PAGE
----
Google puts the phone at the center of your living room experience. Googleat its developer conference in May along with its programming feed for Android TV, and today we saw not just the update to its HDMI-connected TV streaming stick, but the addition of a new device for streaming audio from any Android device to your Wi-Fi-connected speaker system. Both gain Spotify support.
Theshipped about two years ago and has sold more than 20 million. gets a physical redesign with an HDMI cable (for more flexibility) and colorful, small puck-shaped chassis. It levels up to casting games and photos from your phone. Google updated its wireless to dual-band (2.4GHz and 5GHz) 802.11ac Wi-Fi and three antennae for a longer reach and stronger signal.
New Chromecast partners include Showtime and a variety of sports apps.
There's a new Chromecast app with a "What's On" discovery feature, turning your phone or tablet into couch-potato central. It will also tell you which apps on your device support Chromecast. A device tab in the app allows multiple devices to control casting. And there's improved, voice-capable, cross-app search. It will be available over the next few weeks.
New Fast Play allows developers to prefetch content when the app is launched for faster launching. For gaming, it uses the remote-display API in Marshmallow to cast the game to the TV from your phone and use the phone's accelerometers for control. Facebook, Flickr, 500px and Getty backdrops will also be available.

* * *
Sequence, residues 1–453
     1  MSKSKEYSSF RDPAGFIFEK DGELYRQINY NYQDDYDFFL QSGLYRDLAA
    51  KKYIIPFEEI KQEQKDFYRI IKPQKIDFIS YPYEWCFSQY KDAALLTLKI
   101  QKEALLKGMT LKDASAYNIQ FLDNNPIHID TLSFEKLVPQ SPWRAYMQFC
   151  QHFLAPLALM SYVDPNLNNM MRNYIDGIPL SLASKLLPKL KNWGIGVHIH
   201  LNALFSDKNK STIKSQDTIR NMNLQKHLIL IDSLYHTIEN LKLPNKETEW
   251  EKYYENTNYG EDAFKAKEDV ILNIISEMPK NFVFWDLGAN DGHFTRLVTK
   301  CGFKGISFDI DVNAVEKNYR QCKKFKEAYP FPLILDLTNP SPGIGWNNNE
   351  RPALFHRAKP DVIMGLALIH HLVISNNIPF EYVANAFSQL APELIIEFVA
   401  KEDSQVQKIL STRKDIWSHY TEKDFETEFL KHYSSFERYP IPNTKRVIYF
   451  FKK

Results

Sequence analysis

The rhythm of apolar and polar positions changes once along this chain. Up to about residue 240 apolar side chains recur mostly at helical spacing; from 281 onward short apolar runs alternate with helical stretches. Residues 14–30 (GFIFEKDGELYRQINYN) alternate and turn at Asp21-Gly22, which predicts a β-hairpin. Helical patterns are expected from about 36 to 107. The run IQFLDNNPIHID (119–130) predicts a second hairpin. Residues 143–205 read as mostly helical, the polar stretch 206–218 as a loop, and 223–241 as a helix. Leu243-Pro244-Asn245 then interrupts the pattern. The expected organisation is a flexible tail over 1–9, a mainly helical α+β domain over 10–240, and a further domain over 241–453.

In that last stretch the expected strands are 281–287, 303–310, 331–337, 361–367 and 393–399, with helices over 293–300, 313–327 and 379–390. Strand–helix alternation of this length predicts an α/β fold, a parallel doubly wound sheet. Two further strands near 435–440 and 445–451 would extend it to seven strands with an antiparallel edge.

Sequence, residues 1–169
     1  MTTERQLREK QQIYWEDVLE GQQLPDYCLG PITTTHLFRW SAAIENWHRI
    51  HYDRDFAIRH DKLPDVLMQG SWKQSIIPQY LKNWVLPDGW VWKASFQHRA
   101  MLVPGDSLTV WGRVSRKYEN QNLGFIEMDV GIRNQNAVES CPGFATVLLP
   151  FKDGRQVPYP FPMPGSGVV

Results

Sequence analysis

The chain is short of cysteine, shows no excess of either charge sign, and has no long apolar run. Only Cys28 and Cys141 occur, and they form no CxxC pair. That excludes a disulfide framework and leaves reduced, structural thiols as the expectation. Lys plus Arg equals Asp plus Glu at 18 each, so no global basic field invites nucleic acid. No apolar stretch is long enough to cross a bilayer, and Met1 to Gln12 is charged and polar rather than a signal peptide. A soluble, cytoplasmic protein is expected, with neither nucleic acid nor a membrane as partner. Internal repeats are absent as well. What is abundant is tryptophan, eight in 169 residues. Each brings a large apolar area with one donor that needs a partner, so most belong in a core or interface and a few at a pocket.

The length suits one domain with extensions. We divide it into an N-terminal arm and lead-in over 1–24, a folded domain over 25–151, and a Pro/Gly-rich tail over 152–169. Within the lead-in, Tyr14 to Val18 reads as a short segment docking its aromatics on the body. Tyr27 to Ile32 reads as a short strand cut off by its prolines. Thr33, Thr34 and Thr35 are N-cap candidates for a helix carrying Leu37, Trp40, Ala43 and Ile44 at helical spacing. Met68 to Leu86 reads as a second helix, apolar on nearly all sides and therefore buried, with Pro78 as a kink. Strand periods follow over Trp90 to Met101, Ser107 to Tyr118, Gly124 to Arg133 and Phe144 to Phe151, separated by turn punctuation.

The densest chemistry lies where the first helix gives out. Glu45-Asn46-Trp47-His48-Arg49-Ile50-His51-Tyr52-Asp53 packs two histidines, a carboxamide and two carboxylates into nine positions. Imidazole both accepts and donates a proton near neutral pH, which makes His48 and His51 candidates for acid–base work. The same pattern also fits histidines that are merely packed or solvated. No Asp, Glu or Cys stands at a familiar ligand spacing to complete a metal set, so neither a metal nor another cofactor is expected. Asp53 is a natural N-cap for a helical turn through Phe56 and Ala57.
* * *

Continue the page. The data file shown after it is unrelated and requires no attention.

The second-generation Chromecast will cost the same as the first-gen model, $35, and will be available starting today in 17 countries.
Totally new, Google revealed Chromecast Audio. It looks similar to the other device, but comes with a 3.5mm, RCA or optical colored audio cable instead of HDMI. It works with existing Chromecast-capable apps and operates similarly to its video sibling. It streams "the highest-quality audio", mutes notification tones and works with Android Wear. A guest mode allows friends to cast without connecting to your Wi-Fi and it can mirror any audio -- including podcasts and audible books.
It will also cost $35.
Android tablet: Pixel C
The goal of the Pixel team is to guide "aspirational" device development. Google previewed the, a 10.2-inch Android tablet -- that's slighly larger than the series -- which looks like Google's entry into the tablets-for-work crowd. The "C" stands for "convertible." Rather than a Nexus-branded model, which are manufactured by third parties, instead it's part of the Google-grown Pixel line, heretofore consisting of just laptops.
Specs include a 308 pixel-per-inch display -- that's higher resolution than Retina -- with an Nvidia X1 quad-core processor (the same CPU that drives the Nvidia Shield line of products) and Nvidia , 3GB of working memory, and it has an optional magnetically attached keyboard (with an 18mm key pitch) that connects via Bluetooth and which charges inductively when it's closed and attached to the tablet.
It has stereo speakers on either side as well as four microphones for far-field voice input. Thewill be available by the end of the year starting at $500, plus $150 for the keyboard.
Services: Project Fi, Google Play Music, Photos
Following in the footsteps of, Google announced a for its all-you-can-eat music service, Google Play Music. Six family members with individual accounts will be able to share for $15-per-month fee.
Google Photos gets three new features: shared albums with update notifications, the ability to privately label photos and search the labels (available this week), and the ability to display photos to your TV via Chromecast (this week on Android, soon on iOS).
You can share an album by clicking on the album link and clicking on a "plus" button; album sharers and subscribers are notified, and each photo has an attribution. This will be available later this year.
That's just the highlights; here's where you'll find all of today's Google news and the .